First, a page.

IBM is getting ready to release some updates to its Web Experience Management (WEM) platform. While we can't give you details of what's to come, we can give you some perspective on IBM's approach to WEM and the customer experience.
I had the opportunity to chat with IBM Web Experience Strategist Brian Cheng on IBM's view of Web Experience Management, its platform and thoughts on the new WEM Initiative.
IBM's View of Web Experience
We tend to focus more on IBM's analytics and social business solutions these days. But as you might know, it has a web experience platform that is also implemented in a number of organizations. It includes, at its core, IBM Websphere Portal and Web Content Manager, among a number of other solutions.
For IBM, the focus is on reaching and engaging customers -- whether they are externally facing, like customers or internally facing, like business partners. As part of reaching and engaging you have to know how well you are doing and then act on that information. The discovery process includes bringing together information from standard web analytics, social analytics, customer sentiment and business intelligence. It can also include forecasting, sales information and KPIs.
With all the information, the intent is to engage with the customer, clearly tracking and understanding how they are reaching the customer and optimizing the experience accordingly.
It All Comes Together with WEM
There are a lot of components that make up a web experience strategy. These include things like campaigns, managing structured and unstructured content, rich content (like digital assets), etc. In addition, a WEM platform also needs features such as dashboarding and KPIs.
It's important to understand that web experience management doesn't happen in a silo -- so IBM provides collaborative features throughout its web experience suite so that the right people and information can be quickly found to support customer engagement.
You are also not just looking at your website when you think about web experience. You may have an online storefront, social networks and communities, mobile channels, there may be things like kiosks and other offline channels that need to be considered. What this means, of course, is that you need a lot of capabilities within your WEM platform to not only engage across multiple channels, but also to track and analyze what is going on and continually improve the experience.
It's interesting to step back here a minute and recognize that IBM sees customer experience management (CXM) as a facet of web experience. Customer Experience Management is, for IBM, about the external customer. Web Experience, in IBM's view, covers both the internal and external customer. This is a very different view from what many other vendors say CXM is about. But I think in the long run, we are simply dealing with semantics here.
IBM's View on WEMI
If you haven't heard about the new OASIS Web Experience Management Initiative (WEMI), you can get the details here. We asked Cheng what he thought about the new initiative. Cheng indicated that he really likes what CMIS has done (he views it as the second version of JSR170), but with WEMI he feels it's too limited in its view, that WEM is broader than what a single piece of software -- in this case, web content management -- can do.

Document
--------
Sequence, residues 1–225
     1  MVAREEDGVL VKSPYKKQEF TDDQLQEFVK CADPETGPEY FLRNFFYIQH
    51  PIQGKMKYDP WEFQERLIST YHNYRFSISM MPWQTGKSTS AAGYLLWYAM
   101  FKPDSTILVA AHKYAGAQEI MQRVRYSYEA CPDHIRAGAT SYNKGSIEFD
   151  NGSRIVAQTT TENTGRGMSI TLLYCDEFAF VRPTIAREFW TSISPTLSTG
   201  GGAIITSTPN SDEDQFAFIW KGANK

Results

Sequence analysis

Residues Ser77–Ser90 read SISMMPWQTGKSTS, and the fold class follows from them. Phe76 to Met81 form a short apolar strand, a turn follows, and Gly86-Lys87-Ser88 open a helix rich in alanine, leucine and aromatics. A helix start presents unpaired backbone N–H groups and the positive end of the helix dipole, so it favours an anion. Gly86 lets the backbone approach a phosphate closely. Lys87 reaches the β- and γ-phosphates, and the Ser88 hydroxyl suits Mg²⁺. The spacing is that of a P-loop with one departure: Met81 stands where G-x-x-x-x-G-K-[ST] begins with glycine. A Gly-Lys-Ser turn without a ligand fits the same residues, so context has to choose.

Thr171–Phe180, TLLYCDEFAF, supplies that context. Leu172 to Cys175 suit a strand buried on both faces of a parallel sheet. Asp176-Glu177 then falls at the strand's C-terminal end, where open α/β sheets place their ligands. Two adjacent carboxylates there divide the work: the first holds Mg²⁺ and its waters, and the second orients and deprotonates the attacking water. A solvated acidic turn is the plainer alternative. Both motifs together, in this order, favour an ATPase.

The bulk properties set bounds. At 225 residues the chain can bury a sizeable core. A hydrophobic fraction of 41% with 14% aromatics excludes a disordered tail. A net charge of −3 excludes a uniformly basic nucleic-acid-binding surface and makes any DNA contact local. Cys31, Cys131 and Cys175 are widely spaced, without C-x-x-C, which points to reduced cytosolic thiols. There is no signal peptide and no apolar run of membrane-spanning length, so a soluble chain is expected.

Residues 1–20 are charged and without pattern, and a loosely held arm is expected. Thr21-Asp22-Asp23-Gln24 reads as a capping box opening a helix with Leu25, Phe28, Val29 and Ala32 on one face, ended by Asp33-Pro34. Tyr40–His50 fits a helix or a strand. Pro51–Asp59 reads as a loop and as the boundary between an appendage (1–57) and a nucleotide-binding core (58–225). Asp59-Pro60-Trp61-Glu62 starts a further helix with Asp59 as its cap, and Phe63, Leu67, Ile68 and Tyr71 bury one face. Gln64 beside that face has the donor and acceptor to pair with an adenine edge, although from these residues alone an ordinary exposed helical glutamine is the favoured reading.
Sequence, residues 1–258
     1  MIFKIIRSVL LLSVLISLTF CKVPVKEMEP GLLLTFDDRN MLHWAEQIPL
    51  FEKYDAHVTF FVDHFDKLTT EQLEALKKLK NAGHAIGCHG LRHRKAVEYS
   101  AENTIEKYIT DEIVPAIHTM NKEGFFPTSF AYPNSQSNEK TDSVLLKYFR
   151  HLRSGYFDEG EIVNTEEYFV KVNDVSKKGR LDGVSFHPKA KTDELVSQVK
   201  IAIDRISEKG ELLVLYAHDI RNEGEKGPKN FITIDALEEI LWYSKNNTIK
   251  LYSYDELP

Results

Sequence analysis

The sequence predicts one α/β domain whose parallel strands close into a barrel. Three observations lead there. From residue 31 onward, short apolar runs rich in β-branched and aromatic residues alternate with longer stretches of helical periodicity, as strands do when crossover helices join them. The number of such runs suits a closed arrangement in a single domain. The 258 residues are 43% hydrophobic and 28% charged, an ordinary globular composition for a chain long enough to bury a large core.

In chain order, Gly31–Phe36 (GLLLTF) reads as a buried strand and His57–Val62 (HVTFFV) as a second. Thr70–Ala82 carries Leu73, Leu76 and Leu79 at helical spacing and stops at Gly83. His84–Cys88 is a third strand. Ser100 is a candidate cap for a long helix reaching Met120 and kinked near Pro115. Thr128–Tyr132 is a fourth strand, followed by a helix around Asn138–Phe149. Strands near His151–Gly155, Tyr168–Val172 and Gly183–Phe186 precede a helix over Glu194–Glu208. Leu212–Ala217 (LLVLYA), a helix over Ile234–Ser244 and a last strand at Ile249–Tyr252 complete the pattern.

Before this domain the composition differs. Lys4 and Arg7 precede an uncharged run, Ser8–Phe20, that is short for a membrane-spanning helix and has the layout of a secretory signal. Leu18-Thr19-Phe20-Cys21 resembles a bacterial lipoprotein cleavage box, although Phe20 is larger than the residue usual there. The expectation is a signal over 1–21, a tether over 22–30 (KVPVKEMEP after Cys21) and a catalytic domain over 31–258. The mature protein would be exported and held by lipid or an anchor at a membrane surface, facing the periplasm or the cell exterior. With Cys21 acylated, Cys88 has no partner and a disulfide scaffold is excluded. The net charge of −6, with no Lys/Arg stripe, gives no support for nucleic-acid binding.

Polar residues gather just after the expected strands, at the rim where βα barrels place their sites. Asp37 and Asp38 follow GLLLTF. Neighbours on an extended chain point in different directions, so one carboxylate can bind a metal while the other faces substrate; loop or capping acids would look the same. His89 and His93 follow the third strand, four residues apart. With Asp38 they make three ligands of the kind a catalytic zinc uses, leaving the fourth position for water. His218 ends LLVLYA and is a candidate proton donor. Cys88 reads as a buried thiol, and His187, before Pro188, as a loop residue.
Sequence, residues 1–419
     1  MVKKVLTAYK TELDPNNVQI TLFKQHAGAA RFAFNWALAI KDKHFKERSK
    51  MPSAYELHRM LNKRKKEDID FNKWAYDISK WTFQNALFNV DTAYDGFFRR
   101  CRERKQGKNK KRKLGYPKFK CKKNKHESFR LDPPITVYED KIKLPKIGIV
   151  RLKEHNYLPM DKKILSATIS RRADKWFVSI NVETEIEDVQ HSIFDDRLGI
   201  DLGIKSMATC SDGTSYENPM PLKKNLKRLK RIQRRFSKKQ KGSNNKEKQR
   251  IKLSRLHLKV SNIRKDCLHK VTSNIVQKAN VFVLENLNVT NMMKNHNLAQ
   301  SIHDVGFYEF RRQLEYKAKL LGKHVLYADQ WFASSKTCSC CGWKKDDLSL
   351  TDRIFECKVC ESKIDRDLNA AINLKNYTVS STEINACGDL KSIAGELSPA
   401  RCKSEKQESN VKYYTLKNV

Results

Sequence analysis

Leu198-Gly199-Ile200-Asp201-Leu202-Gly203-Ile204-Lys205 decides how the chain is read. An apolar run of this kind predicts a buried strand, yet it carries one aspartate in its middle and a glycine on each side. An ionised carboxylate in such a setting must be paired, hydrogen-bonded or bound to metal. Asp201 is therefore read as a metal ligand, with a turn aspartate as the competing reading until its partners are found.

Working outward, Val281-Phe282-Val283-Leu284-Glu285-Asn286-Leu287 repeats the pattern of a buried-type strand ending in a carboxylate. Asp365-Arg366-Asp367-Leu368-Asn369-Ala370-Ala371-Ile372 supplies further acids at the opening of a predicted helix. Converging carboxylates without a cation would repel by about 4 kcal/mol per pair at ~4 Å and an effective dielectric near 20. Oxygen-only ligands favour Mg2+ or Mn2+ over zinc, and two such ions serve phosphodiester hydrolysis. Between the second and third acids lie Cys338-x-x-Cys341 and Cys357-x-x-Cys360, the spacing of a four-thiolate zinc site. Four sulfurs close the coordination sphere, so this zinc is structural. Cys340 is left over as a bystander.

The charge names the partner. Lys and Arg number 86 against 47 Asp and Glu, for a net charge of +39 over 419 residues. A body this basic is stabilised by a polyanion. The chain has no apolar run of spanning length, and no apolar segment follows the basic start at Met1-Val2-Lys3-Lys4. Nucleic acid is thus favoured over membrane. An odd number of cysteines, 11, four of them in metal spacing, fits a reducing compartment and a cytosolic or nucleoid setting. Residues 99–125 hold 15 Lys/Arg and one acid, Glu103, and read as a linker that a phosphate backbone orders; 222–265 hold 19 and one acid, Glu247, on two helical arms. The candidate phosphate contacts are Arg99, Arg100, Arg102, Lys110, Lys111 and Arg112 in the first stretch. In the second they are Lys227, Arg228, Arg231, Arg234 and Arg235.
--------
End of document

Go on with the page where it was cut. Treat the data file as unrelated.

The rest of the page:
Cheng admits to not knowing the details of what's happening there, but from his perspective there's so much more to think about than WEM, like documents, dashboarding, analytics integration and after the back office solutions are considered, you have to consider search, social networking, ad networks and other elements that go into web experience.
IBM is very committed to standards, but IBM believes that sometimes we over complicate things. Cheng wonders if WEMI is over complicating web experience. Should we maybe stop talking about APIs and frameworks and start talking about solutions and how our own systems are working together? Right now, Cheng believes WEMI is too scoped and that there needs to be more players at the table (not just WCM vendors), and that there are standards out there right now that may be sufficient enough.
IBM's Web Experience Platform
According to Cheng, IBM has all the pieces to offer an end-to-end web experience platform -- all with the same user experience. The suite includes Websphere Portal, which includes Web Content Manager, and IBM Connections, OmniFind Search and portions of Sametime (instant messaging). Also within the portal you have the development tooling (Web Experience Factory) which allows you to integrate back end systems and mobile experiences.
For analytics, you can use CoreMetrics or Omniture or Webtrends, with the help of a partnership that identifies a standard set of tags, but it's CoreMetrics that is integrated directly into the portal.
When it comes to personalization, Cheng said that it has been a fundamental piece of the portal for at least ten years now (since 2001). There is also a feature called Like Minds which is behavioral personalization. It's only been the last four years that IBM has seen people taking advantage of the functionality. Now, IBM is looking at the next level.
The Project Northstar Roadmap
Back in 2009, IBM talked about Project Northstar, its 3-5 year roadmap for web experience. Three years into its vision, we see the integration of social and anaytics -- two key elements. In September of 2010, we talked about the work IBM had done to date. That included Websphere Portal 7. What's coming next is Websphere Portal 8 and the evolution of its complete Web Experience Suite.